Affordable market research

May 28, 2012

Even if you know it all, sometimes it’s nice to get some outside perspective. Problem is, traditional market research is expensive and often you’re not looking for peer-reviewed double-blinded answers, you just need some direction.

If you have any sort of following on Twitter, Facebook or have your own email database (with the right permissions), the online poll is your best friend. You don’t actually need that many followers to do this, you can easily get a 10% response rate with just a few reminders and some friendly begging. And if you get 50 or 100 answers, you may not be able to publish your results in Science magazine, but it will be good enough to confirm or deny your own instincts.

Some may interject that the results will be heavily skewed by the fact that your followers are not an accurate¬†representation of the world out there. True, but while your followers are (heavily) biased by knowing you, that makes them also biased towards potentially wanting to buy this new product or service that you need some input on, so their feedback may actually be MORE helpful. I don’t need to know if the average person on this planet prefers blue or red, I need to know if the people most likely to be interested in what I’m doing like blue or red.

Of course you have to be careful. Don’t ask a question like “would you buy this widget” and then extrapolate the 50% that reply yes into the conclusion you can sell 3 billion worldwide. Also, the usefulness of a poll is directly related to the quality of the question and answers (in case of multiple-choice) provided, so really spend some time on that and test it on a few people to make sure it’s not confusing in any way. In particular:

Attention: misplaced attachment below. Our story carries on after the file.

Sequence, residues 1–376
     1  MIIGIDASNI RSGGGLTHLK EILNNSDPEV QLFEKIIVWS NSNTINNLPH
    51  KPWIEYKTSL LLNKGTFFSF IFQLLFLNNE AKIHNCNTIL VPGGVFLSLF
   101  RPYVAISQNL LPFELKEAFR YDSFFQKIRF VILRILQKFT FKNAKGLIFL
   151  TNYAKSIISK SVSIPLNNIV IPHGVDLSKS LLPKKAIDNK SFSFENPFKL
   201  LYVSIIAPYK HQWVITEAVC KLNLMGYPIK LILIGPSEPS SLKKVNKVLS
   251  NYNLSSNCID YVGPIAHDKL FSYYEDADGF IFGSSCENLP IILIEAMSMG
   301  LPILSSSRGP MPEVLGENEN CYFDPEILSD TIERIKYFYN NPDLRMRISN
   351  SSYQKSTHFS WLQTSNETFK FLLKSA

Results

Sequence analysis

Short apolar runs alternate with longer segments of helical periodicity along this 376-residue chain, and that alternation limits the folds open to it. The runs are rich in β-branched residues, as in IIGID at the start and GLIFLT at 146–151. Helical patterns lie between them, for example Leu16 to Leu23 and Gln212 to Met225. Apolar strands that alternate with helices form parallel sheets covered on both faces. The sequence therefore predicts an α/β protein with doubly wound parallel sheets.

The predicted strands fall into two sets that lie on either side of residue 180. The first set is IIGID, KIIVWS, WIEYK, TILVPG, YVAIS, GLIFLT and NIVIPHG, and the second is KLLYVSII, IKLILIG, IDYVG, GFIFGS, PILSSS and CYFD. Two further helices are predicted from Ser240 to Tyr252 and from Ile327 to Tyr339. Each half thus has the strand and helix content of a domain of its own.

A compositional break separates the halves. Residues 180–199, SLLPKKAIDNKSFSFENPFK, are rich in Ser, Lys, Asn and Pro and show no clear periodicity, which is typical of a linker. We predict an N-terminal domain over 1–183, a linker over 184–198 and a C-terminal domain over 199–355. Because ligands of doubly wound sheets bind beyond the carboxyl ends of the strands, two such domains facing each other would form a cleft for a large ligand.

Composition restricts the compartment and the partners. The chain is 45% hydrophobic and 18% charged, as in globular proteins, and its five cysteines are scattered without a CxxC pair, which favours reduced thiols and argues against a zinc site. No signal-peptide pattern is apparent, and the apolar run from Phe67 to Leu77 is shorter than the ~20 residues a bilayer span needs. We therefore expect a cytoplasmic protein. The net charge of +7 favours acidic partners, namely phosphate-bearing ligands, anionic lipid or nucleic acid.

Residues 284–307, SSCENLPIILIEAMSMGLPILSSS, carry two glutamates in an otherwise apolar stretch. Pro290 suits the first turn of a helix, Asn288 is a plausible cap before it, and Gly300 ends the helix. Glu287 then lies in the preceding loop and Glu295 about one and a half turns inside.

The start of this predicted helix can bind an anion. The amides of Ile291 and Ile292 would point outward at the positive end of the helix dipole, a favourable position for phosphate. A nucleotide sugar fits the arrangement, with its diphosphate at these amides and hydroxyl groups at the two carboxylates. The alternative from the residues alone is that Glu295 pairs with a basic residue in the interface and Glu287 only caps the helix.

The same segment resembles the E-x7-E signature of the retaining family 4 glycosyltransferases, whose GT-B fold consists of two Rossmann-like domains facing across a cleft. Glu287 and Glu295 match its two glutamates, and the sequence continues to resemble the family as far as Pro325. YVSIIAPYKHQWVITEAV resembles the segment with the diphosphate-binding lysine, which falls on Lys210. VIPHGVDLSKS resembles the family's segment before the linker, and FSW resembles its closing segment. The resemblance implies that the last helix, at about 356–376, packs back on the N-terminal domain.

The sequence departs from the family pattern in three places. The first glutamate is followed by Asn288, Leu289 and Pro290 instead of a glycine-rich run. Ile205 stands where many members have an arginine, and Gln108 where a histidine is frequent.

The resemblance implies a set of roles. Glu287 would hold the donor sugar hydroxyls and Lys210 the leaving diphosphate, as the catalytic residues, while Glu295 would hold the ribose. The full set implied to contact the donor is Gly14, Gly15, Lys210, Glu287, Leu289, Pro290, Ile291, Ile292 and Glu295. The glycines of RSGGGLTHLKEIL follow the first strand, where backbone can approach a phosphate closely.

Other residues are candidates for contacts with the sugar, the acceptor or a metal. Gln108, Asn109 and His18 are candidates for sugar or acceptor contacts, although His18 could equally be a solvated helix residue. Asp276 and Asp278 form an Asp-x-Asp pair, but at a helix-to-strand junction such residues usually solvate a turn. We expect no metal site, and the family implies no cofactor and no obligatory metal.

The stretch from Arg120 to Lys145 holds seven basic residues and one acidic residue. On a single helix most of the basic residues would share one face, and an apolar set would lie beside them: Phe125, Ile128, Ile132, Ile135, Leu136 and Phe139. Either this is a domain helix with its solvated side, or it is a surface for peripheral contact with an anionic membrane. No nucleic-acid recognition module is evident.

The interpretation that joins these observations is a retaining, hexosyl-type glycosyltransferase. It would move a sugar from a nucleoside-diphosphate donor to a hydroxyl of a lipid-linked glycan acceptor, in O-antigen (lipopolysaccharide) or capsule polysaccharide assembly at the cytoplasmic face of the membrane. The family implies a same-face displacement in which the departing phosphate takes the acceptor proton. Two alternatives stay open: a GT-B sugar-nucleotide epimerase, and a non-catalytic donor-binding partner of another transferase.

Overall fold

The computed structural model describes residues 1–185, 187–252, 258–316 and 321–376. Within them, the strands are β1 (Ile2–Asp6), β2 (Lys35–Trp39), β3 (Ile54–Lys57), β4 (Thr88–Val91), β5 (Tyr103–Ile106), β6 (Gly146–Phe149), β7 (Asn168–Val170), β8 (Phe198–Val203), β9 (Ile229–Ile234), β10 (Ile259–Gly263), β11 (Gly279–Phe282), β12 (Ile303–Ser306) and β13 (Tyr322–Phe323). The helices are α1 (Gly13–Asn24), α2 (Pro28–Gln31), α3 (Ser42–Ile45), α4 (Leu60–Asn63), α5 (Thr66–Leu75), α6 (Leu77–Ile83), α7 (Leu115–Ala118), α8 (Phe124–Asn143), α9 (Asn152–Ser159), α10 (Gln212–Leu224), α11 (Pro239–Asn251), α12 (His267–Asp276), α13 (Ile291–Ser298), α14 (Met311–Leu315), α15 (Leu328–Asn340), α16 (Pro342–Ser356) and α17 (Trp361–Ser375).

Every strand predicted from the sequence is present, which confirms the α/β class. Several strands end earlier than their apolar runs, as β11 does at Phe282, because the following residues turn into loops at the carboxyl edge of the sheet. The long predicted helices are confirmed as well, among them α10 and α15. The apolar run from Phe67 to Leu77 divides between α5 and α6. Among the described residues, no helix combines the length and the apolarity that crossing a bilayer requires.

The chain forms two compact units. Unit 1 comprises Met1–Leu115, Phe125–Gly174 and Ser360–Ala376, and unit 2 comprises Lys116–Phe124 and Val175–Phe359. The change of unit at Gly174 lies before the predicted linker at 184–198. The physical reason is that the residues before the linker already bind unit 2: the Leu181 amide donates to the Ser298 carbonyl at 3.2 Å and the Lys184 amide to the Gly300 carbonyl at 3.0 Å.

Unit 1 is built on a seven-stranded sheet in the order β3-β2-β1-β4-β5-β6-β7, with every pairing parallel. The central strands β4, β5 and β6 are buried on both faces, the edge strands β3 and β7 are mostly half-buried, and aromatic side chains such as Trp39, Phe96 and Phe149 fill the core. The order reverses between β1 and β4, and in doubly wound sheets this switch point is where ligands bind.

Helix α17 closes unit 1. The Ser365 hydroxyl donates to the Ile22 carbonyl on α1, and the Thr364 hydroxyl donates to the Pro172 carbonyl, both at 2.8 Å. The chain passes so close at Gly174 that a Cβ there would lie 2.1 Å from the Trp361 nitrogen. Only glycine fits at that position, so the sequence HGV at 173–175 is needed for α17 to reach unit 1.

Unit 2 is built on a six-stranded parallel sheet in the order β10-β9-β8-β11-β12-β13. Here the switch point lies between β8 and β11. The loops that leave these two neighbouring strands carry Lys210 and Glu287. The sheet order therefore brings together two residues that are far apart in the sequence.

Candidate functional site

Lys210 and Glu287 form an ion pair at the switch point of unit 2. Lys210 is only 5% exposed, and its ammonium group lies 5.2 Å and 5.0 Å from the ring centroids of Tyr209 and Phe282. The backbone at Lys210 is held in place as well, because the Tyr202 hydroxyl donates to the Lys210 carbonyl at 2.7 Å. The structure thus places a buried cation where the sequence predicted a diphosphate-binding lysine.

• Will people be embarrassed to answer your question truthfully? If so, consider trying a question where you don’t ask their opinion but instead what they think other people’s opinion would be.
  • Is it important to weed out some of your followers whose opinion on this particular question you do NOT value? For example, if you have a male grooming question, the answer from the women following you may not matter (or may). So add an answer as an “easy out” for those people, something like “hey, if I ever need this product, I’ve got bigger issues than answering online polls).

Depending on how many questions you have and if you want to spend nothing or merely very little, there are a ton of options available to you. Just google “free online poll” or “cheap online survey” to find them.

I’ve used, mostly because it’s easy and free, but also because they (as well as some others) have a very nice paid feature: geo-tracking. This allows you to not only roughly see where the respondents live, but also what their individual answers were. So if everybody in the US answers red and everybody in Germany prefers blue, you’ll know.

That’s good to know in some cases, as it may lead you to the conclusion that you need separate versions for separate regions (Avoid that complication if you can of course, but sometimes you can’t). Now when I say “paid”, do not worry. The charge is 99 cents!

To read about a poll I did for open cycle, go here.

One Response to “Affordable market research”

  1. […] Affordable market research […]

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